Many people I know have embraced Mennonite pastor Palmer Becker’s three-part distillation of Anabaptist values:
Jesus is the center of our faith.
Community is the center of our life.
Reconciliation is the center of our work.
The first two principles seem self-explanatory. But what about the third? What exactly is reconciliation? How does it function as the center of our work?
2 Corinthians 5:16-21 may offer the key biblical text to answer these questions. In this letter, Paul suggests just what such reconciliation looks like and how human practices of reconciliation mirror God’s example.
Now, it may be tempting to read Paul here as a revered theologian to whom the Corinthians are listening with rapt attention. However, as other parts of this letter reveal, what might have once been a good relationship with the Corinthians has deteriorated dramatically. In fact, Paul reports that he’s heard rumors that some of them are talking behind his back about his uninspiring presence and his pathetic speaking skills (2 Corinthians 10:10).
In other words, writing to the Corinthians about reconciliation is not merely a theological exercise for Paul. He is in desperate need of it himself.
With this background in mind, Paul’s words about reconciliation take on a different tone. Paul is preaching a message of reconciliation to a group from which he is experiencing estrangement, if not outright harassment.
These aren’t the teachings of a pious leader. They are the reflections of a fellow human enmeshed in the messiness of interpersonal relationships.
While Paul is benevolent in his approach to the Corinthians, he appears unafraid to correct their bad behavior, which is setting up a barrier to the reconciliation he is preaching.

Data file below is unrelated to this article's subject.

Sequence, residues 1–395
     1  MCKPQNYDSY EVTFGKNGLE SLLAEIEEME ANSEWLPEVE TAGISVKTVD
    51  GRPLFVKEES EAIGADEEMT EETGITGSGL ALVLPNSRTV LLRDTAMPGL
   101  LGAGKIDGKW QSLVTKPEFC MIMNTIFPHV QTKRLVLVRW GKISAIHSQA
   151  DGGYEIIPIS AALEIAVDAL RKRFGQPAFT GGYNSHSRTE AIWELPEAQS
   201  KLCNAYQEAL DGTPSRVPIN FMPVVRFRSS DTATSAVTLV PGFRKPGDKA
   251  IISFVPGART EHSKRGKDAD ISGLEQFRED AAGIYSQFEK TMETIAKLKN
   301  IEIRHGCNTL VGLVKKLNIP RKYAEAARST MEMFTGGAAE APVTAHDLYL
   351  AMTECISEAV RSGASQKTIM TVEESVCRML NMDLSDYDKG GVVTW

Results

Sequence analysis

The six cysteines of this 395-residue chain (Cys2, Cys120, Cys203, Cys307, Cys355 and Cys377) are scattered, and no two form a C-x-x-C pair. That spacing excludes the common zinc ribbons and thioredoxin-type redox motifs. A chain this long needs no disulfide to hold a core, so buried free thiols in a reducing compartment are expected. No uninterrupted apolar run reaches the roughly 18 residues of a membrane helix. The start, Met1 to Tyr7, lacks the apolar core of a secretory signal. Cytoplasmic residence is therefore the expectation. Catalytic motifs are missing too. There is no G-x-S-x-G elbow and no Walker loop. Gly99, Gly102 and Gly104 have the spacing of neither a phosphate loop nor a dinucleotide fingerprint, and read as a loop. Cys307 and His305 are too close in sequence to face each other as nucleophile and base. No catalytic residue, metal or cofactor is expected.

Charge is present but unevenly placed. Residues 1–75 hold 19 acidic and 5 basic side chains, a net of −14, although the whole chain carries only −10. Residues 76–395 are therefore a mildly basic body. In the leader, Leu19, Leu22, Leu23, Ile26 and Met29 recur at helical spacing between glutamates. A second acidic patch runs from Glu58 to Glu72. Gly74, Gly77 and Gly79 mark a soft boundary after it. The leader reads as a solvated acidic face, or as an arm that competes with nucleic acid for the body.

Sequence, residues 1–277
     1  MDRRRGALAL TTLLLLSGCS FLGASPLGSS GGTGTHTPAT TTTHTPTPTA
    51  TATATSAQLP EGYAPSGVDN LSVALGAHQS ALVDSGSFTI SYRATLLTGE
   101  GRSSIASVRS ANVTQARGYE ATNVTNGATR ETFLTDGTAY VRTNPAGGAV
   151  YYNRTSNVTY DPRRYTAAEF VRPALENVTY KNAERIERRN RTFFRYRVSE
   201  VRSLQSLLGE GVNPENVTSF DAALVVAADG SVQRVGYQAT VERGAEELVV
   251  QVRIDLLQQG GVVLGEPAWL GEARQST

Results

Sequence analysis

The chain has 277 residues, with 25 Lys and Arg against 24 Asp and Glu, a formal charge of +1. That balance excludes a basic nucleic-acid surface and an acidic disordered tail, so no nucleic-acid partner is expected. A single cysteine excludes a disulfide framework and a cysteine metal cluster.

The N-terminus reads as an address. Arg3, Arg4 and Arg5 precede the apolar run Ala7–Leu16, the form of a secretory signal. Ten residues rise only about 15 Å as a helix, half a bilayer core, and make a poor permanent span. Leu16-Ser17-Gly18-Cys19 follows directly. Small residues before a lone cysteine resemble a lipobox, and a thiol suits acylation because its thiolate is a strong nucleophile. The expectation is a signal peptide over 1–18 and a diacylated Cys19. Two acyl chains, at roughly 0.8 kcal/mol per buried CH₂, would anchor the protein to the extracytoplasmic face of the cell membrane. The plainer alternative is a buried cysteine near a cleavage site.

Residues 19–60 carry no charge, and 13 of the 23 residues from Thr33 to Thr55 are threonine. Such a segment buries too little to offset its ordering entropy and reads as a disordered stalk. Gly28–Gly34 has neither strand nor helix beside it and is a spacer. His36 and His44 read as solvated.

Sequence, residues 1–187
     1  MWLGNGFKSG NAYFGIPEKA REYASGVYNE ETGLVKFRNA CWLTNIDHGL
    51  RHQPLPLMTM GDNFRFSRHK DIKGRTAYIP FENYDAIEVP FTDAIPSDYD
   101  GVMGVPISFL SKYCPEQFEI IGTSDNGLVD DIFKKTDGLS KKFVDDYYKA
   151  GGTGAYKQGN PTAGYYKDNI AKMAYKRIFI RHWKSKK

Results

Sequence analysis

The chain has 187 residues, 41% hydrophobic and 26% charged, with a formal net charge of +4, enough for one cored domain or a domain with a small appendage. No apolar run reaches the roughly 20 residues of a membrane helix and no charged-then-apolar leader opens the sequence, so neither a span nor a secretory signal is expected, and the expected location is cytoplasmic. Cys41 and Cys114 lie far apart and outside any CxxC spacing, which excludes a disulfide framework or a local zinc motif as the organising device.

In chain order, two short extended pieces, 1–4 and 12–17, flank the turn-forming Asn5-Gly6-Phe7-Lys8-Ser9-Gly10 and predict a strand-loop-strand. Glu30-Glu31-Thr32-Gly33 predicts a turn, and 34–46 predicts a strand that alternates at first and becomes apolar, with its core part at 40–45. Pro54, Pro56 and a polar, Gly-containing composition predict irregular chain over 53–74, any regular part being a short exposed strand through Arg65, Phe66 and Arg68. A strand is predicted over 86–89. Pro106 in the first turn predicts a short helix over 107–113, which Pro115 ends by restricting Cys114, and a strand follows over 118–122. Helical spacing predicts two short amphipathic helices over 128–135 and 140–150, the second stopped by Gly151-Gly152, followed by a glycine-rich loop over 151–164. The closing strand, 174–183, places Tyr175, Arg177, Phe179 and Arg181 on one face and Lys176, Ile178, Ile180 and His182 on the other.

Where they are saying mean things behind his back (2 Corinthians 10:10), Paul points out the problems with knowing others from a human perspective — even as such a perspective first informed his view of Christ.
In other words, while the Corinthians are making petty comments about Paul’s flaws, Paul is observing that such behavior does not befit those who are in Christ.
Rather, as Paul goes on to say, those who are in Christ are entirely new creations (5:17). In fact, everything has become new.
As Paul points out, if God, through Christ, could cross the massive distance between humans and God (5:18), then we humans can surely manage to get along with one another.
Now, Paul does not discount the possibility of real difference among humans. But in his encouragement to be reconciled to God (5:20), he may be implicitly suggesting that humans can find reconciliation with one another.
Paul’s teachings about reconciliation are addressed to a group that has been acting with hostility toward Paul. He knows full well the distance that needs to be spanned between him and the Corinthians. Nonetheless, he does not shy away from pointing to God’s example of reconciliation as one to be emulated.
So, what do paul’s words about reconciliation mean for Anabaptist- Mennonites today? How can such reconciliation be at the center of our work?
Perhaps the contrast between viewing others from a human point of view, rather than from a perspective that views them as new creations of God, is a good place to start.
Where a human perspective might lead to accusations of Paul being too conservative or too liberal, viewing others as new creations in Christ might mean recognizing the Spirit’s work in all.
Rather than critiquing this or that difference in theological nuance, recognizing Christ’s new creations might mean developing empathy for those with whom we vehemently disagree.
Reconciliation is often not easy. Becker’s phrase, “Reconciliation is the center of our work,” suggests as much. Reconciliation is not a leisure activity; it’s work!
Nonetheless, Paul’s message of reconciliation provides direction. Paul was addressing a group that was acting harshly toward him. Yet rather than return this treatment in kind, Paul practiced what he preached. Instead of pointing out the error of the Corinthians’ ways, he pointed them to Christ.